Micro-hospitals are small-scale inpatient facilities that offer a wide range of medical services in a small, neighborhood setting. They run 24/7, all year long, and commonly have between eight and 10 beds where patients can be observed or admitted for a short stay. Micro-hospitals must be primarily engaged in providing inpatient care.
In making a determination of whether or not a facility is “primarily engaged” in providing inpatient services, CMS will now consider these specific factors:
- Average daily census;
- Average length of stay;
- Number of off-campus provider-based emergency departments: Higher numbers of off-campus emergency departments indicates a hospital may not be “primarily engaged”;
- Number of inpatient beds in relation to the size of the facility and the services offered;
- Volume of outpatient surgical procedures to inpatient surgical procedures;
- Volume of outpatient procedures for a “specialty” hospital (i.e., emergency or surgery);
- Patterns and trends in the ADC by the day of the week: For example, if the ADC consistently drops to zero on Saturdays and Sundays, this may show that the hospital may not be consistently providing inpatient care;
- Staffing patterns: Staffing schedules should reflect support of 24/7 inpatient care versus patterns more appropriate for outpatient services; and
- How the facility advertises itself to the community: CMS will look closely at how a hospital is holding itself out to the public – for example, whether the terms “specialty” hospital, “emergency” hospital, “clinic” or “center” are used.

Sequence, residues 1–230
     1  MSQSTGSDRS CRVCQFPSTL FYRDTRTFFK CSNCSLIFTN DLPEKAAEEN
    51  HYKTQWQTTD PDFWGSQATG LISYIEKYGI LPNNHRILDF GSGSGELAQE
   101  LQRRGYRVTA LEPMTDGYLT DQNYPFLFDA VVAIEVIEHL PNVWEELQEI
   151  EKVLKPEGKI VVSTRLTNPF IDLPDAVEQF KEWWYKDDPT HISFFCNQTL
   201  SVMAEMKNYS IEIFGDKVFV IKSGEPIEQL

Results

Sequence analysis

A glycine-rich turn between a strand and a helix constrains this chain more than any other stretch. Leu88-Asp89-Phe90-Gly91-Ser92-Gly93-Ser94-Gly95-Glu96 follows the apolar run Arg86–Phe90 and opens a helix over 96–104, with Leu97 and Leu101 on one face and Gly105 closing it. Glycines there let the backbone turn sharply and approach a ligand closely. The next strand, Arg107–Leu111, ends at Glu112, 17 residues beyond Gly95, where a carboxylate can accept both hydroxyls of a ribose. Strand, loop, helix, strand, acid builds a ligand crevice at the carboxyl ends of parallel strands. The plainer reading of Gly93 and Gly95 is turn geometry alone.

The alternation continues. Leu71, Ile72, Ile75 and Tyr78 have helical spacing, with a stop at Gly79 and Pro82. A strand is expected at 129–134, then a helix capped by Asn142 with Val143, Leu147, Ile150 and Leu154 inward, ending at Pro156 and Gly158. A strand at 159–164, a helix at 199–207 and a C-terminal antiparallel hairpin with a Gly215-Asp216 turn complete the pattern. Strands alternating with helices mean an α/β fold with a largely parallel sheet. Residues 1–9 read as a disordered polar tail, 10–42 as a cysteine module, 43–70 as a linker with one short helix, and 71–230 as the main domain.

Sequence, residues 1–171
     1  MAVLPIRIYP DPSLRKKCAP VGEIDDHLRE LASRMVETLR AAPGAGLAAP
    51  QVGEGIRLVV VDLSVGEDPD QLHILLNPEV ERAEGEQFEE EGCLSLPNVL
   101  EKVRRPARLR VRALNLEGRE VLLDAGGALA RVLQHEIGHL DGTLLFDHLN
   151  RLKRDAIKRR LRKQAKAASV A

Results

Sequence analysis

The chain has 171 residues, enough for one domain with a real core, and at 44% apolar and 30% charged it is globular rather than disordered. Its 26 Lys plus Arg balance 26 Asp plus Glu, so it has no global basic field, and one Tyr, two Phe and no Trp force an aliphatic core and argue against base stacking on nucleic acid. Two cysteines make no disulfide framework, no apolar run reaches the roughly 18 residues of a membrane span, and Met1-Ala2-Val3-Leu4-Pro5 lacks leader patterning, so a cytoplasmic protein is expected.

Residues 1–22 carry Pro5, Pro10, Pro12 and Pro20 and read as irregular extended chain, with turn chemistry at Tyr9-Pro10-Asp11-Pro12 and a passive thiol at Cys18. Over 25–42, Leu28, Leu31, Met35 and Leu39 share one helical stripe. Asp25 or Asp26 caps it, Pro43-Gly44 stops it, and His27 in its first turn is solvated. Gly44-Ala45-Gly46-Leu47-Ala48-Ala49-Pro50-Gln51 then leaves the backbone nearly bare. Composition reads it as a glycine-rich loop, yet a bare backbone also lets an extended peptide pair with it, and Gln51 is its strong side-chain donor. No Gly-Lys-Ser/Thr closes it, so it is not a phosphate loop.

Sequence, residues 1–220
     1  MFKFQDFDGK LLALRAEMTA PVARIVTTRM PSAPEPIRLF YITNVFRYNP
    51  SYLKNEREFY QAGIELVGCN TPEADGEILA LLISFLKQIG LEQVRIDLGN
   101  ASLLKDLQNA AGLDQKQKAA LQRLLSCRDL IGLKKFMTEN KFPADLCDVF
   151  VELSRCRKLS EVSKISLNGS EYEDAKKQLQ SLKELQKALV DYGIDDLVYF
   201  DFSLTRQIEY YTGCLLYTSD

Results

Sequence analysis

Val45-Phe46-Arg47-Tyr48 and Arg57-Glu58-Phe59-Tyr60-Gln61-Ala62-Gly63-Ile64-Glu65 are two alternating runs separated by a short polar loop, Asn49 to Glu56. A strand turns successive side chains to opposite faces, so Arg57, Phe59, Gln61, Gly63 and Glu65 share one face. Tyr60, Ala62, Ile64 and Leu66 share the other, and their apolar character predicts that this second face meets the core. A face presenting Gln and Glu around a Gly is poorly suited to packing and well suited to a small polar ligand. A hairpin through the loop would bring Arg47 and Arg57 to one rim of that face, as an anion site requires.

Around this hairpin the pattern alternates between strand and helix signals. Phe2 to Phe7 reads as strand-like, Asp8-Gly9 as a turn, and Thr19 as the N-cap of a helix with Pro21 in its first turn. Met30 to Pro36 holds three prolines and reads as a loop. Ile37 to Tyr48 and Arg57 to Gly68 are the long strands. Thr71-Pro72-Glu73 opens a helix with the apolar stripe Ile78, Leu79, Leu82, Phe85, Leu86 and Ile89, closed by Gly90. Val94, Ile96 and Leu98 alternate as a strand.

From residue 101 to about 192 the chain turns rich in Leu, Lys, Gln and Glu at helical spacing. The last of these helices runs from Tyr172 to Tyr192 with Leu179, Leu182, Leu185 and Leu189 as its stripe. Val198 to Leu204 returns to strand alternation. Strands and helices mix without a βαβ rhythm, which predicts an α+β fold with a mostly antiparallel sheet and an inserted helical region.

Micro-hospitals can be a remote location of a hospital if the following requirements are met.
Remote Location of a Hospital - A remote location of a hospital is defined as a facility or an organization that is either created by, or acquired by, a hospital that is a main provider for the purpose of furnishing inpatient hospital services under the name, ownership, and financial and administrative control of the main provider.
As long as approved as a remote location and the outpatient services are within the four walls of the hospital, this location will not be subject to the reduction in OPPS reimbursement.
Hospital-outpatient services in buildings outside the main hospital but within 250 yards of the main hospital buildings are considered on campus and not subject to the reduction in OPPS reimbursement.
Hospital-outpatient services in buildings further than 250 yards of the main hospital buildings but within 35 miles (straight-line) of the main hospital can be approved as Provider-Based locations but will be subject to the reduction in OPPS reimbursement. See 42 CFR § 413.65 for detailed requirements for Off-Campus Provider-Based locations.